Sandra EberhardtPsychology Student
Sandra Eberhardt's life changed the day she saw a copy of the Journal of Humanistic Psychology.
"Do you remember that show, Wonderama?" she asks. "The host used to ask everybody what they wanted to do when they grew up, and most of the little girls would say they wanted to be a teacher and a nurse. I was thinking along those lines myself: ever since I was a child I wanted to work in a helping profession. Helping other people was a calling; something I always felt compelled to do."
She majored in psychology as an undergraduate at Cal State Dominguez, where one of her instructors was Art Bohart – a long-time collaborator with Saybrook who now runs its PsyD program. Bohart saw a passion in her not just for learning the material, but connecting it with the lives of people … and so he gave her a membership to the Journal of Humanistic Psychology.
As soon as she saw it she knew what kind of therapist she wanted to be.
"Humanistic psychology encompasses so many different topics," she says. "Reading the journal, seeing how people were studying various topics from shamanism to dream studies to spirituality … I immediately wanted to study those philosophies and traditions and broaden my own awareness, even my own self awareness. I knew that studying humanistic psychology would give me the opportunity to develop personally and academically, and that was compelling to me."
She didn't know that the Journal of Humanistic Psychology has been edited by a Saybrook faculty member even since its founding, but when she looked online for graduate psychology programs Saybrook's name kept coming up. When she realized that Bohart and other faculty members she respected were connected with it too, she applied.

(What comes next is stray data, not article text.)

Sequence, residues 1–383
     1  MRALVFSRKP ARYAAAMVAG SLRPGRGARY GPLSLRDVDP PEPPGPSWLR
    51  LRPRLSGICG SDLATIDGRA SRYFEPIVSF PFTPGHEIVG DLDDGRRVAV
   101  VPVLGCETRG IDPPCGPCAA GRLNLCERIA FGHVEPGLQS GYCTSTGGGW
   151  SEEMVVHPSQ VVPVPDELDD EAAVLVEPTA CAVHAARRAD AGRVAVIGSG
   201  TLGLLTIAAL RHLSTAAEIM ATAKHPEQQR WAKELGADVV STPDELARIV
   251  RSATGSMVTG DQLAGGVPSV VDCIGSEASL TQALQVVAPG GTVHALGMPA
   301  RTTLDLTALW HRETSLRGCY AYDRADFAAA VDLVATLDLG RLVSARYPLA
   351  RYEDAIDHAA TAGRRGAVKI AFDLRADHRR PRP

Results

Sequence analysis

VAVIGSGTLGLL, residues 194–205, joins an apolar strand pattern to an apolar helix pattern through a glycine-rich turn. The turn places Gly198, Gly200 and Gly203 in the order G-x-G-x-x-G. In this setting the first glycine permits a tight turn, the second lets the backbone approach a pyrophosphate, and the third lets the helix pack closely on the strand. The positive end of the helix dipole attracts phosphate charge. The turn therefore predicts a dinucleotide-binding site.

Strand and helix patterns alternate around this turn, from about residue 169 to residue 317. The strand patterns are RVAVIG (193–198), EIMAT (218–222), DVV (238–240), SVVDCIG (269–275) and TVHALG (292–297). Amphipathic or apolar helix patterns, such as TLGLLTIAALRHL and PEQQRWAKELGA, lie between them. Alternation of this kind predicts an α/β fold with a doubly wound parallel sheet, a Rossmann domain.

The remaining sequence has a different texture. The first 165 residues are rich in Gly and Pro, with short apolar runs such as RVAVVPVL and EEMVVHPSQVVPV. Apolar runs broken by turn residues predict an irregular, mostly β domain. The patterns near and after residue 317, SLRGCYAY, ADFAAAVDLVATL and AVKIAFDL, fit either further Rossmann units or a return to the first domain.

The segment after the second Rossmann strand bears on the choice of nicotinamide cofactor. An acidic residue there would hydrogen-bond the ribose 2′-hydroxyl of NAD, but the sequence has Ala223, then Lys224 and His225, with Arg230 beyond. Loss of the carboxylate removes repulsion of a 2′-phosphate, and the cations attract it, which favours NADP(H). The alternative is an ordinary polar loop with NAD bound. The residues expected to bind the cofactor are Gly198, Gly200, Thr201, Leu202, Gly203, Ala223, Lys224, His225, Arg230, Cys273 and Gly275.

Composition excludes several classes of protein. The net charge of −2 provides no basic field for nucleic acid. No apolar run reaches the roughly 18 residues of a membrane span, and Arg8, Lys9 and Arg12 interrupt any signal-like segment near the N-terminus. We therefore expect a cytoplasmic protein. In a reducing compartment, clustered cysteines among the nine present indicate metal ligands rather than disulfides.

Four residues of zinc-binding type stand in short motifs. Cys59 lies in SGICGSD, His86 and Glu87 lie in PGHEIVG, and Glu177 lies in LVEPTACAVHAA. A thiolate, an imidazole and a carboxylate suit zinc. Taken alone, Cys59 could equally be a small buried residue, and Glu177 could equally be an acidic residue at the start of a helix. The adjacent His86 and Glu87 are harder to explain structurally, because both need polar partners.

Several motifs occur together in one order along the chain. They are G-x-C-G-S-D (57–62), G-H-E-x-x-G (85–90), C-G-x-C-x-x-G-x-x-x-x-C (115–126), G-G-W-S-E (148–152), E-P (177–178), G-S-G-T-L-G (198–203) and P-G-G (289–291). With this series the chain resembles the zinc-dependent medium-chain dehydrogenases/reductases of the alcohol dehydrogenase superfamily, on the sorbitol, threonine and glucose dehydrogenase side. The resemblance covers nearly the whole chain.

Just as she predicted, it changed her life.
"Who I was the day I started and who I am now are completely different, and that's because of the quality of the relationships that I've established both academically and personally,” she said. "Some of my best friends now come from my interactions at the residential conferences. I've gotten to know the faculty better, and they're fantastic caring people. I've made numerous contacts and connections. I'm more self-confident and feel emboldened to move forward in my professional life. My writing and research skills have been improved exponentially. I'm just a better person."
She's also making a difference. Her dissertation is on the ways in which strong social bonds can contribute to the survival rate of people who suffered from cardiac arrests. "They're an underserved population in terms of getting the social support they need for rehabilitation,” she says. She's developing models to improve that.